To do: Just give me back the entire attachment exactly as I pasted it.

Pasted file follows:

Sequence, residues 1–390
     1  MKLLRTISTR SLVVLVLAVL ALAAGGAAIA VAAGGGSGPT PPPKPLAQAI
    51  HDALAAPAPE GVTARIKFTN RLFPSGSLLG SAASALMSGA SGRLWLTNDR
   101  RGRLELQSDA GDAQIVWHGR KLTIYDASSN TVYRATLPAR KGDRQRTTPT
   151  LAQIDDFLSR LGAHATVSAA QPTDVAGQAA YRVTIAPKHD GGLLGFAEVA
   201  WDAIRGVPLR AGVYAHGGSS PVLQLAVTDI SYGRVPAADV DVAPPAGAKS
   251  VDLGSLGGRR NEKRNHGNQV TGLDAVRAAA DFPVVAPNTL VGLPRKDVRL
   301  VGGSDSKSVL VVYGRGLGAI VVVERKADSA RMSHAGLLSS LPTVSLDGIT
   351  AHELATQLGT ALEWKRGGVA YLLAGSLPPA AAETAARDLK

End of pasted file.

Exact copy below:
Sequence, residues 1–390
     1  MKLLRTISTR SLVVLVLAVL ALAAGGAAIA VAAGGGSGPT PPPKPLAQAI
    51  HDALAAPAPE GVTARIKFTN RLFPSGSLLG SAASALMSGA SGRLWLTNDR
   101  RGRLELQSDA GDAQIVWHGR KLTIYDASSN TVYRATLPAR KGDRQRTTPT
   151  LAQIDDFLSR LGAHATVSAA QPTDVAGQAA YRVTIAPKHD GGLLGFAEVA
   201  WDAIRGVPLR AGVYAHGGSS PVLQLAVTDI SYGRVPAADV DVAPPAGAKS
   251  VDLGSLGGRR NEKRNHGNQV TGLDAVRAAA DFPVVAPNTL VGLPRKDVRL
   301  VGGSDSKSVL VVYGRGLGAI VVVERKADSA RMSHAGLLSS LPTVSLDGIT
   351  AHELATQLGT ALEWKRGGVA YLLAGSLPPA AAETAARDLK